Alexandr Hobza, Stefan Zeugner
Based on a new database of bilateral financial flows among euro area countries and their major world partners, this paper explores the role of financial links in the accumulation and then adjustment of current account imbalances in the euro area. The data show that the geography of financial flows can differ quite markedly from trade flow patterns and suggest that the nexus between surpluses in the 'core' with deficits in the periphery went along financial rather than trade interlinkages. In particular, the data document the dominant role of 'core' countries in financing the euro area periphery's current account deficits before the financial crisis. In addition to direct financing, France and the UK acted as important intermediaries of financial flows from elsewhere, particularly outside of the euro area. Most of this financing took the form of debt instruments and increased the vulnerability of the recipient countries. In 2009/10, gross flows in the euro area contracted, while the net flows remained broadly unchanged. France became the periphery's main financier in 2009 and substituted the withdrawn flows from surplus countries, mainly Germany. Only when France reduced its exposure in a hasty asset withdrawal during 2011, the periphery had to rely on large ECB-mediated liabilities in order to refinance its liabilities.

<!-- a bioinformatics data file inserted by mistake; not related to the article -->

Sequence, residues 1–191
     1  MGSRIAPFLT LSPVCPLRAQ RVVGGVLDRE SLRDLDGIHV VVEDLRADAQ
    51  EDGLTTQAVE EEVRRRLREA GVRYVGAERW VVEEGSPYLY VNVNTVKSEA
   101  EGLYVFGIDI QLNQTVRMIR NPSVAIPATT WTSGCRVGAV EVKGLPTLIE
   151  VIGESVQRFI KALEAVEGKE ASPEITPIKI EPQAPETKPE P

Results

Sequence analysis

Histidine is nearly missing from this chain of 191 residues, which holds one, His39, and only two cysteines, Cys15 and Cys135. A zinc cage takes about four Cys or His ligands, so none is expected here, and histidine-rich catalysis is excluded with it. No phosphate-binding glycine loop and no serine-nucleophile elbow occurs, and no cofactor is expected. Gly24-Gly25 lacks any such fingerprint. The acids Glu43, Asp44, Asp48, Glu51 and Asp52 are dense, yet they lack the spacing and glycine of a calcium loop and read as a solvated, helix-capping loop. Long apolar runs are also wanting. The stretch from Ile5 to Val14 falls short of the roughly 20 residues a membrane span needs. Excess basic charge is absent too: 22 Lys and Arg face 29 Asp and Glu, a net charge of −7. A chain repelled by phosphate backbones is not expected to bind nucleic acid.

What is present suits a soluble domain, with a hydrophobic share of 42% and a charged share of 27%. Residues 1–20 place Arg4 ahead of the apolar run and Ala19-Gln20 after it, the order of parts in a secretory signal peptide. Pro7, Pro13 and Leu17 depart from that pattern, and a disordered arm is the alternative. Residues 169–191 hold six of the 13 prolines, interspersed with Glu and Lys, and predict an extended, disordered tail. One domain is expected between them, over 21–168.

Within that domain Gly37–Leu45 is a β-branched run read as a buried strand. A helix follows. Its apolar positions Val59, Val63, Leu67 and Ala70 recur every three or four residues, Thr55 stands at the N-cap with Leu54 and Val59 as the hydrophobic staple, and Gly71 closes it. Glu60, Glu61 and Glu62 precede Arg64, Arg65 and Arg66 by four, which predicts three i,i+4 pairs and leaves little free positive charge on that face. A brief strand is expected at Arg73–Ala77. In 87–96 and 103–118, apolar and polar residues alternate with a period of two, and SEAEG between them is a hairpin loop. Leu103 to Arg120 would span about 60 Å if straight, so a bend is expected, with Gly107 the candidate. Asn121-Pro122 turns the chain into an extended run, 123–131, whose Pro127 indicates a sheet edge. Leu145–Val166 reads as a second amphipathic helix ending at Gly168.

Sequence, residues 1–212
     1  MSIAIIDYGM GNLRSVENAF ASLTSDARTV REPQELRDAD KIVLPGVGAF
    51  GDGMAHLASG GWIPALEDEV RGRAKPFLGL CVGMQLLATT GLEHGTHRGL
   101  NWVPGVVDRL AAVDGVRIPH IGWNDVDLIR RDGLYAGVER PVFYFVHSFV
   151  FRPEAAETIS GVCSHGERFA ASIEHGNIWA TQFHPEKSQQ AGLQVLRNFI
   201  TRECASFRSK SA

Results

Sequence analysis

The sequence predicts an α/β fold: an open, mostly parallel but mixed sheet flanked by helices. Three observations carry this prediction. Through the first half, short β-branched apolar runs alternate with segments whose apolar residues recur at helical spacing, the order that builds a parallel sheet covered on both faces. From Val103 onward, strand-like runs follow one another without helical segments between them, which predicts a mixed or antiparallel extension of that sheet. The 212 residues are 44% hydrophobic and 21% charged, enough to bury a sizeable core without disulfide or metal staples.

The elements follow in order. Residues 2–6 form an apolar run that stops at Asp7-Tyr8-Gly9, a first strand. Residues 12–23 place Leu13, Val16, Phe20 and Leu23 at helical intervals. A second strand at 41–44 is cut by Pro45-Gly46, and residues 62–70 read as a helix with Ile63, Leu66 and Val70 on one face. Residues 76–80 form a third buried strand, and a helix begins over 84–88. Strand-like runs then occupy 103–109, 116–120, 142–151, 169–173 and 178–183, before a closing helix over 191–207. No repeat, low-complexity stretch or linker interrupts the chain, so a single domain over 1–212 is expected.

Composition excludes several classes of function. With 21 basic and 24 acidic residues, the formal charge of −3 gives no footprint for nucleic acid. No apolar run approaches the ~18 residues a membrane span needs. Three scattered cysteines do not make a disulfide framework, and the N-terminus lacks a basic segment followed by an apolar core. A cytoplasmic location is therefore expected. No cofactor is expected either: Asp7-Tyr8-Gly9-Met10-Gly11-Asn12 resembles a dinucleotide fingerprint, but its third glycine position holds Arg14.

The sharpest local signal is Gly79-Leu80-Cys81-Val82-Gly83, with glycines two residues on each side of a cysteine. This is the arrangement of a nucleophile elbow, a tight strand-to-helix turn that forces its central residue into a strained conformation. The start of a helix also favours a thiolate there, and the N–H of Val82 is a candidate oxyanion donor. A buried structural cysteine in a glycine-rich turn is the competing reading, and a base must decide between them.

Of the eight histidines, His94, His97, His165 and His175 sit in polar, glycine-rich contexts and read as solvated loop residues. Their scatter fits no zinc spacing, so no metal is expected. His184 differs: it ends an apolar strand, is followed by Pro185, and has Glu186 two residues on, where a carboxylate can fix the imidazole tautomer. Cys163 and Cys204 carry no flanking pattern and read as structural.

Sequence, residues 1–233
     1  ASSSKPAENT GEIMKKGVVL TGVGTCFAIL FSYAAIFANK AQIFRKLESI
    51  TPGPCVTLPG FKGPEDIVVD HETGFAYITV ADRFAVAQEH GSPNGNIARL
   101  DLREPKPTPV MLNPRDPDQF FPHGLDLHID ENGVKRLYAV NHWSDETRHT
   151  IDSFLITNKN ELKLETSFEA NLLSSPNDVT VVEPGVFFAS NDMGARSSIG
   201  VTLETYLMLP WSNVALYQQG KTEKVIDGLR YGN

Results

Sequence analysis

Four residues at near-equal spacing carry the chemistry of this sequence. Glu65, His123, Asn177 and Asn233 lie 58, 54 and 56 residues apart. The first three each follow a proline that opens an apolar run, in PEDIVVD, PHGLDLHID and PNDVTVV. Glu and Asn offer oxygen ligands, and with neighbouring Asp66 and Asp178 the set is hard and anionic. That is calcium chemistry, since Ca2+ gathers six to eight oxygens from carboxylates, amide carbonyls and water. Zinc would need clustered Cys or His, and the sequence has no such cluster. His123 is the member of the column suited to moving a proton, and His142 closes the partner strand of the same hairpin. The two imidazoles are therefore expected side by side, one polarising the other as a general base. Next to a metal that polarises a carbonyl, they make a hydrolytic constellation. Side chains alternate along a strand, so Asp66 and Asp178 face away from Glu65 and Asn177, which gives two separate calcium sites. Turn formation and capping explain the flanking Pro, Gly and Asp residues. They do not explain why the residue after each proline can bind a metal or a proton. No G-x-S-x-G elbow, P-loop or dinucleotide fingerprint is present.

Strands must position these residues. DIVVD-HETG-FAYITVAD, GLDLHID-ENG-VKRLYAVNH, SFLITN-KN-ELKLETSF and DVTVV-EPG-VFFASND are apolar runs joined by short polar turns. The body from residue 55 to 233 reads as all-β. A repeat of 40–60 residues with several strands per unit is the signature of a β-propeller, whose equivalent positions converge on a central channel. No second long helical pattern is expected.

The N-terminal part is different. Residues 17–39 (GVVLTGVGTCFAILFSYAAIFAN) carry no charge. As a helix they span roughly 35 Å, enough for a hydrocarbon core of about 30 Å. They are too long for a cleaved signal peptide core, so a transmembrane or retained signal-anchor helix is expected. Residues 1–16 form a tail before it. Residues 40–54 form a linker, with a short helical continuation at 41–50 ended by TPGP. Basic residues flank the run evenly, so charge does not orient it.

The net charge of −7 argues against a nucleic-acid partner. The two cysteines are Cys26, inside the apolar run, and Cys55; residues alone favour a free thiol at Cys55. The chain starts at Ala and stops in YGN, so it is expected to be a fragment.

|KC-AI-14-520-EN-N (online)||KC-AI-14-520-EN-C (print)|
|ISBN 978-92-79-35169-3 (online)||ISBN 978-92-79-36114-2 (print)|
|doi:10.2765/70188 (online)||doi:10.2765/77754 (print)|